Vehicular Communication for Safety-critical Applications
Research Project , 2019 – 2020

Inter-vehicle communication can provide safety-critical information to drivers beyond the horizon of local sensors. Current technologies are either based on WiFi (e.g., ITS-G5) or occur via a base station (e.g., LTE) and will thus not be suitable in time-critical and safety-critical conditions. In this project, we will collaborate with Autoliv, a leader in automotive safety worldwide, to investigate two alternative technologies, both operating in very high frequencies (above 24 GHz, compared to 6 GHz for ITS-G5), offering advantages in terms of data rate, latency, and the ability to combine sensing and communication.

Inter-vehicle communication can provide safety-critical information to drivers beyond the horizon of local sensors. Current technologies are either based on WiFi (e.g., ITS-G5) or occur via a base station (e.g., LTE) and will thus not be suitable in time-critical and safety-critical conditions. In this project, we will collaborate with Autoliv, a leader in automotive safety worldwide, to investigate two alternative technologies, both operating in very high frequencies (above 24 GHz, compared to 6 GHz for ITS-G5), offering advantages in terms of data rate, latency, and the ability to combine sensing and communication.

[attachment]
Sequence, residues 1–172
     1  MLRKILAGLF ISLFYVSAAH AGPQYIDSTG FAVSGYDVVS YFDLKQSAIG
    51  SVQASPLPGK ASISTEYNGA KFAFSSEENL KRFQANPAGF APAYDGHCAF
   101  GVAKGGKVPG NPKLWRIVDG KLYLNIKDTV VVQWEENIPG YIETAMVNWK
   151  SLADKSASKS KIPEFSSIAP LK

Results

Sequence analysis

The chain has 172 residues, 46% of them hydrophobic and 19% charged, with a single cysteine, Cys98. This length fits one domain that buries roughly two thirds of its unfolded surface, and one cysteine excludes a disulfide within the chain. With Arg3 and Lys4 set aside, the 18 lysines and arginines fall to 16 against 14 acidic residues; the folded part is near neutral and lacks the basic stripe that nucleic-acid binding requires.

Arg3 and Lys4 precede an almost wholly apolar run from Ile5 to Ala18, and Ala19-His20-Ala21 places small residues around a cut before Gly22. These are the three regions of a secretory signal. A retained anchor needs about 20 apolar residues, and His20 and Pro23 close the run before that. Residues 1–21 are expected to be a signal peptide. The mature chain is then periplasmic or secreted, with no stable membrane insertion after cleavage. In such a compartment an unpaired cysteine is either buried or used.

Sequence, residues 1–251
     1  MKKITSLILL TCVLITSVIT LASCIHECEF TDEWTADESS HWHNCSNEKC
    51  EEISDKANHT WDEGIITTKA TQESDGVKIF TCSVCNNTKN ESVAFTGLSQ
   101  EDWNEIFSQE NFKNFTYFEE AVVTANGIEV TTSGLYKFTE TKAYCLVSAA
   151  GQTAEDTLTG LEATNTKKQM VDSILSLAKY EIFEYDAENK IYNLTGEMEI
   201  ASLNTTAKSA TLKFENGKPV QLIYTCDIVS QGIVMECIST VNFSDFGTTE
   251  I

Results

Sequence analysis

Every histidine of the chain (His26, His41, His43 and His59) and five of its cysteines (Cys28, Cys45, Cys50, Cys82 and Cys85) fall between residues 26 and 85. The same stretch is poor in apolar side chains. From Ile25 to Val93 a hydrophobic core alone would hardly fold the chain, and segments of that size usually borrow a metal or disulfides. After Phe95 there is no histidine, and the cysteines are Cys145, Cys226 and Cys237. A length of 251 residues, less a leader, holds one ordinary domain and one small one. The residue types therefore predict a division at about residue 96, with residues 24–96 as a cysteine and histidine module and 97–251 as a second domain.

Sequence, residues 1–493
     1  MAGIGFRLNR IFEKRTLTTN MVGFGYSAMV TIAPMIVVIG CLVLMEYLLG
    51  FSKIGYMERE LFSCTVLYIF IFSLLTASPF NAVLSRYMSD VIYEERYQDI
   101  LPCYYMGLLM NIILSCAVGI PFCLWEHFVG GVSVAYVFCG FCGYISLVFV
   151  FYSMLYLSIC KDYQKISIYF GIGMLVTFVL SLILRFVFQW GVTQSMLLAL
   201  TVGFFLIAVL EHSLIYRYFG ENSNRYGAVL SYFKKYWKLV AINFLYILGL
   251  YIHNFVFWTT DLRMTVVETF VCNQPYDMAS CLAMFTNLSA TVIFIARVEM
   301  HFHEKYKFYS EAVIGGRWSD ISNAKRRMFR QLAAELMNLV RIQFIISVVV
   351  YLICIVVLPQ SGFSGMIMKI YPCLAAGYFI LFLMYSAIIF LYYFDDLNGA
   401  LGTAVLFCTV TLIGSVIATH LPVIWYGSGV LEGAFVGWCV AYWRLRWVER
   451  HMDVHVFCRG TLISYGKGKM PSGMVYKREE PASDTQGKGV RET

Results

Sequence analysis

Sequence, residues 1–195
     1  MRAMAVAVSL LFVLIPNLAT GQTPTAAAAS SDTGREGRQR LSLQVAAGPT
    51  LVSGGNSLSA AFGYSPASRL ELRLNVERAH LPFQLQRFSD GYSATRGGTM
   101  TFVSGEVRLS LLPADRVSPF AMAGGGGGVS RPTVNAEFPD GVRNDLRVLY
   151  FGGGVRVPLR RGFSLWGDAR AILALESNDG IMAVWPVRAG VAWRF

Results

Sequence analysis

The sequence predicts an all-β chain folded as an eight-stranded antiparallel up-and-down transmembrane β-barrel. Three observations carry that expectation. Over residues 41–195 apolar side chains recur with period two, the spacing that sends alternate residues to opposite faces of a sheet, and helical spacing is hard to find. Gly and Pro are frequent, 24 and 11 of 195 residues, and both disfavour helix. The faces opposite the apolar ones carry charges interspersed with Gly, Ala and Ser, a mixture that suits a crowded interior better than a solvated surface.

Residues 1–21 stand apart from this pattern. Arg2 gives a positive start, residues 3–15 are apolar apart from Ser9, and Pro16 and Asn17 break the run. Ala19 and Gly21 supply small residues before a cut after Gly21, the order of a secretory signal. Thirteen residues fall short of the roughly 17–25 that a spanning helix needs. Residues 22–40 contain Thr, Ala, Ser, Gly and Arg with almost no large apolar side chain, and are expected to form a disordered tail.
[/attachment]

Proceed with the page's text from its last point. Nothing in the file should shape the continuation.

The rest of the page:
The first technology is automotive radar, operating at 77 GHz. Based on ongoing research activities, radar hardware can be repurposed for inter-vehicle communication, providing a low-power, high-rate link between vehicles. The second technology is 5G millimeter-wave communication, which is part of the next mobile communication standard and is currently being considered for vehicular communication.

Based on use cases and requirements set by Autoliv, we will assess to what extent and under which conditions both technologies are viable for safety-critical communication. Based on realistic propagation models and operating parameters (vehicle speeds, density), we will evaluate the communication performance and sensing performance and determine synergies between both. In a final stage, we will also consider a hybrid system, combining radar, 5G, and ITS-G5 to optimize communication and sensing, while minimizing mutual interference. If successful and either radar or 5G turn out to have potential for the considered use cases, this project can serve as an input for further development in larger projects, in collaboration with Autoliv, as well as Ericsson and Volvo.

Participants

Henk Wymeersch (contact)

Professor vid Chalmers, Electrical Engineering, Communication and Antenna Systems, Communication Systems

Bile Peng

Doktor vid Chalmers, Electrical Engineering, Communication and Antenna Systems, Communication Systems

Collaborations

Technische Universität Braunschweig

Braunschweig, Germany

Funding

Region Västra Götaland

Funding Chalmers participation during 2019–2020

More information

Latest update

2019-09-16